Jill Stein, the Green Party’s presumptive presidential nominee.

The Green Party came cruising into Baltimore on Thursday — er, wait, came riding into Baltimore. No. Had party members been able to walk and ride bicycles into Baltimore, I’m sure they would have, but even presumptive presidential nominee Jill Stein found herself riding in a jumbo jet in order to get here in a timely fashion.

But they made it nonetheless, and here they’ll stay for the next three days, holding workshops, fundraisers, and nominating their candidate for the highest office in the land. Barring any magical Roseanne Barr love-fest tomorrow at the nominating convention (the former sitcom star also tossed her hat in the ring), it will be Stein’s name on the ballot in, more than likely, 45 states by November.

In some ways it seems fitting that the Green Party chose Charm City as the location for its presidential nominating convention. Baltimore is sometimes forgotten to its bigger cousins, Washington, D.C., and New York City. It’s often seen as quirky and eccentric. And it’s easily stereotyped by the images we see in popular culture. (No, not every block is straight out of The Wire.)

Welcome to the Green Party, hanging on the heels of the Republican and Democrat parties, populated by an array of disparate interest groups, and written off by state election boards as unserious, tree-hugging, dove-releasing, organic-farming, grass-fed beef-ing … you get the point.

Stein, a Boston physician who was inspired to take up politics by environmental health epidemics, is perhaps a more mainstream candidate than the party has put forward in recent years. But still, it seems that nary a story can pass through the national media without the specter of her most prominent predecessor hanging overhead. Here’s the Times, yesterday:

While Ms. Stein barely registers a blip in national polling, experts point to Ralph Nader, the Green Party nominee in 2000, who was seen by many Democrats as siphoning just enough votes from Al Gore in one state, Florida, to tip the election to the Republican, George W. Bush. Nationally, Mr. Nader had captured only 3 percent of the vote.

Could such a situation unfold again?

Stein brushes off these fears. “We have 10 years of experience with muzzling ourselves politically, and it’s very clear now that silence has not been an effective political strategy,” she said in an interview with Grist earlier this year. “The politics of fear in fact has delivered all those things that we were afraid of.”

“The challenge for us is overcoming conventional communications, which is corporate-sponsored and would like to keep us down and out,” Stein told me in an interview Thursday night. “The political system is very engineered to silence any opposition party that’s not the corporate-controlled, big Wall Street power.”

Certainly the Green Party has made strides. For the first time in its 11-year existence, it has qualified for matching funds from the feds, up to donations of $250. Spirits have been buoyed by the Occupy movement that exploded onto the national media scene last fall, which was, to a large degree, a physical embodiment of the political philosophy of Greens: health care for all, forgiveness of college student debt, employment for everyone, an emphasis on environmentalism and green jobs, a reformed pathway to citizenship for illegal immigrants. Oh, and, legal weed.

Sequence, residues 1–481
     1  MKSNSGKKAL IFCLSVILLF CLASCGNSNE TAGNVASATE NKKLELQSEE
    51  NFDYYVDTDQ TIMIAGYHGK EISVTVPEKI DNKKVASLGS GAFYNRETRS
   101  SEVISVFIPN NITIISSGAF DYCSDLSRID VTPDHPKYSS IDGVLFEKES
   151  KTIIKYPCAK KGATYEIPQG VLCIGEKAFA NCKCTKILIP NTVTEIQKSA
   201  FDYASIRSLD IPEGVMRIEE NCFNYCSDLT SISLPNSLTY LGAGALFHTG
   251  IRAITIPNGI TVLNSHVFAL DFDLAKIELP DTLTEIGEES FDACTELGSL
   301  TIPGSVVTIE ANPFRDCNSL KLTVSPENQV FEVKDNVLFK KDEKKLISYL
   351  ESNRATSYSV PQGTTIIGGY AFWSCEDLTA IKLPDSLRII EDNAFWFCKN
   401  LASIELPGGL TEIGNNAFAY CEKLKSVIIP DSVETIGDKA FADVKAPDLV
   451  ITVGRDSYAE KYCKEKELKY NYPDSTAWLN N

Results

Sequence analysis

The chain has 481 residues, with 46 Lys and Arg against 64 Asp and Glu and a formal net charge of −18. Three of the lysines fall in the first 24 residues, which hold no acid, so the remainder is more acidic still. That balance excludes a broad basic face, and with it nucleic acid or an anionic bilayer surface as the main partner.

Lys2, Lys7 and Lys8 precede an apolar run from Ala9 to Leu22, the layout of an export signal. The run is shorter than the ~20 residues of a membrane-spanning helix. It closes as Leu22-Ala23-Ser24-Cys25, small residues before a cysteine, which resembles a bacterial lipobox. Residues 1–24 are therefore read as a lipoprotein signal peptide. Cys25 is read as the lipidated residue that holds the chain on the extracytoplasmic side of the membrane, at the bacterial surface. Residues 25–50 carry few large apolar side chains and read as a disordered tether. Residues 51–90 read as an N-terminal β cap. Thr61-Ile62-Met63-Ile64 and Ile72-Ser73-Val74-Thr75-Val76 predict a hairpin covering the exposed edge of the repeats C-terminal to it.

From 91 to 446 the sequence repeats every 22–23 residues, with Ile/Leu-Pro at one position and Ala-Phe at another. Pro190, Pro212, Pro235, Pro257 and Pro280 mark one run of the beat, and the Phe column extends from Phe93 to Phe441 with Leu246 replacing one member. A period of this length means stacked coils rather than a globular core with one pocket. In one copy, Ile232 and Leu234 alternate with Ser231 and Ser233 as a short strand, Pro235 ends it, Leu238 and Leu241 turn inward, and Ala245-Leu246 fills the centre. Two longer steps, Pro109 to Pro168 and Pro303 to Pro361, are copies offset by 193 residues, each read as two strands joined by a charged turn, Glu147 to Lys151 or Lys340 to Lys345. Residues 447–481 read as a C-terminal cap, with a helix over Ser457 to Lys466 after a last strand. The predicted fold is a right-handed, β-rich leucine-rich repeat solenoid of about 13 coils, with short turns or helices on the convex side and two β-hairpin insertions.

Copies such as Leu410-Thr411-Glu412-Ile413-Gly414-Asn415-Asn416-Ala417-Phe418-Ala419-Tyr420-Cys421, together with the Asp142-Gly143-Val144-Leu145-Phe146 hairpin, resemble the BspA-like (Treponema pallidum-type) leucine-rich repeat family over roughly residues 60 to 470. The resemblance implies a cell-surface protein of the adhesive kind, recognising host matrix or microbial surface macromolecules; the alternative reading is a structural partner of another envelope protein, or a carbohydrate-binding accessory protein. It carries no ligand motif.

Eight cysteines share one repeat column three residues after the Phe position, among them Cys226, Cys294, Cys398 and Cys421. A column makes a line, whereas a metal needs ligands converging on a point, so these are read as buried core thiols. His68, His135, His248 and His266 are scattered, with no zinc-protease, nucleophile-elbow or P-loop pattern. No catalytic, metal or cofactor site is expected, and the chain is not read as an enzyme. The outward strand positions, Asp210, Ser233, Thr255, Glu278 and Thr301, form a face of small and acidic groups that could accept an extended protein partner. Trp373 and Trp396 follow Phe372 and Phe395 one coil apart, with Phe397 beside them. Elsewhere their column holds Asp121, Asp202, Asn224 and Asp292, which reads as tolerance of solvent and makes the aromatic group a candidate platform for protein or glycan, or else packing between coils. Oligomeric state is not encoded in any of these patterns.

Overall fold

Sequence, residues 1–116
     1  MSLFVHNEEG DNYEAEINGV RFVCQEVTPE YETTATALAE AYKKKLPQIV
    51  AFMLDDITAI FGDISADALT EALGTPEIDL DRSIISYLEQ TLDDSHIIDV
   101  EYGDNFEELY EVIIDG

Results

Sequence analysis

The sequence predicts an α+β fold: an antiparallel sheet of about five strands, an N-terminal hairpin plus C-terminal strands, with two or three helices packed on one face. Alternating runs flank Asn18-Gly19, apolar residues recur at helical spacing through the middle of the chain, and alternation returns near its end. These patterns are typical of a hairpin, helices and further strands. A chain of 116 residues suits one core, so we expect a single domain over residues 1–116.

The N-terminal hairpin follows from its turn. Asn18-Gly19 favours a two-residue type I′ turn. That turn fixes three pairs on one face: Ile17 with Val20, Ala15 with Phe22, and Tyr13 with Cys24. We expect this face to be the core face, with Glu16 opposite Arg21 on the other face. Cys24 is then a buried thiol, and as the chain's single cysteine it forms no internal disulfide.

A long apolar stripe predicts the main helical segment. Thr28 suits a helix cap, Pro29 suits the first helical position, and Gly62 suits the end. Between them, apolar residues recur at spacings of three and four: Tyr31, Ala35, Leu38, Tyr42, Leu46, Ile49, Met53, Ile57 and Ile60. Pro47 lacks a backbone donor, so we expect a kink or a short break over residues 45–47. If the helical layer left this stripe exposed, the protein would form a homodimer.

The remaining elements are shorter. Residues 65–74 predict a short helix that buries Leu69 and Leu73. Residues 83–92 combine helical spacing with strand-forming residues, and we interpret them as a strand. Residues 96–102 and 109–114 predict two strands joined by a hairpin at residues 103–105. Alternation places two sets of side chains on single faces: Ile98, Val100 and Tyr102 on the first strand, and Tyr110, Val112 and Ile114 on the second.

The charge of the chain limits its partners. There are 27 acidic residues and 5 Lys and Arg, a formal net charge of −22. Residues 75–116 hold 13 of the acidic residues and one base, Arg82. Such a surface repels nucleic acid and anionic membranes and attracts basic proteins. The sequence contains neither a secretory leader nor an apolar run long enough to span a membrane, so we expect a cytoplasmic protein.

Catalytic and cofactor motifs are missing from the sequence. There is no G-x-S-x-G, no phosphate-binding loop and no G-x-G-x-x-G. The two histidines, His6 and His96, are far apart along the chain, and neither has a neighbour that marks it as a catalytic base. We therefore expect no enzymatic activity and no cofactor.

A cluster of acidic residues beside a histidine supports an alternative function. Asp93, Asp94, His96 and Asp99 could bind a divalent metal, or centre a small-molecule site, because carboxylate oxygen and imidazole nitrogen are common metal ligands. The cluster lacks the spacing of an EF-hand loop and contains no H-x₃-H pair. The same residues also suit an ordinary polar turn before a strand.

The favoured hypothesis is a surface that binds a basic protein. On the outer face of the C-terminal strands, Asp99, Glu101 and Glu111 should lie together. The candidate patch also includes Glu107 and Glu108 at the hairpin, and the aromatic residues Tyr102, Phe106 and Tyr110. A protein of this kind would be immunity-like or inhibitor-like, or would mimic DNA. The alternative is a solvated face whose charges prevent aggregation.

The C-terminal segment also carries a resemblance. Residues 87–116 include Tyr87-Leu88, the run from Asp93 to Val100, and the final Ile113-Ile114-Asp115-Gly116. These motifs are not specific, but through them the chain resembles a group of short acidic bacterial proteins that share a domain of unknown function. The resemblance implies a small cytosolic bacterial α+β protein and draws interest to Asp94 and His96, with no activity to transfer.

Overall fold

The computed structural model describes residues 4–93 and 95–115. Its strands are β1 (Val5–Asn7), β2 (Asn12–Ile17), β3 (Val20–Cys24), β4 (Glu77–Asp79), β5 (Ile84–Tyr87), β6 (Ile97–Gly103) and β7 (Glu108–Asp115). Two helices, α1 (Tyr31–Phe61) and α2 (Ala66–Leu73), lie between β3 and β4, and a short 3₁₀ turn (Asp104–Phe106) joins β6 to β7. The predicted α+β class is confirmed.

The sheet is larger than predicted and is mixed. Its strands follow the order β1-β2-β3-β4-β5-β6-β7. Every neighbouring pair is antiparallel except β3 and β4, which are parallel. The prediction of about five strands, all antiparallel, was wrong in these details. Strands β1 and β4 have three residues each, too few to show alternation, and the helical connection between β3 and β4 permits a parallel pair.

“Everybody’s worried about a job, paying their college debt,” said Stein, who chose anti-poverty advocate Cheri Honkala to be her vice-presidential running mate. “This movement is vibrant and strong and unstoppable.”

Stein believes many people agree with Greens, and doesn’t understand, for instance, why banks get bailed out and students don’t. “A political campaign provides another rallying point for this very pent-up, frustrated energy that we can do better and the current system isn’t providing it,” she says. “It’s like a pressure-cooker now, and it needs an outlet.”

Whether that outlet is the Green Party, and whether people will be willing to cast their votes for Stein with the ghost of Ralph Nader – and the very real Mitt Romney — lurking about, remains to be seen. Perhaps, at the very least, her presence will prod President Obama to pay a little more heed to members of his “base” who might be tempted to jump ship. (In the last month, Obama has skipped both the Earth Summit and the national convention of the NAACP.)

This weekend in Baltimore may offer some hints as to what the coming months hold. The Greens have been hosting a series of workshops these first two days, about the Green New Deal, the green economy, and how to get money out of politics. Tonight they’ll throw a fundraiser at an art gallery and music venue in the city’s Station North arts and entertainment district. (Cover charge: $20.) Tomorrow will bring a string of speeches from national thinkers and activists, including 2008 vice-presidential nominee Rosa Clemente, and nominating speeches from Stein and Barr.

The turnout thus far would make anyone look askance at setting up more than two rows of chairs in a tiny press room, but organizers say there are 250 registered delegates, and expect up to 400 people to attend the convention.

As to why the Green Party picked Baltimore, Stein assured me that “a lot of thought” went into the decision. Something about a strong Green Party in the city. But if it’s here, it’s well hidden — or perhaps it’s just composed mostly of photosynthesis-loving organisms. The Maryland State Board of Elections revoked the party’s space on the state ballot last year because the Greens had failed to win 1 percent of the vote in the most recent election. Party members are now trying to collect the 3,000 signatures required to get back on the ballot.

Where are all those occupiers when you need them?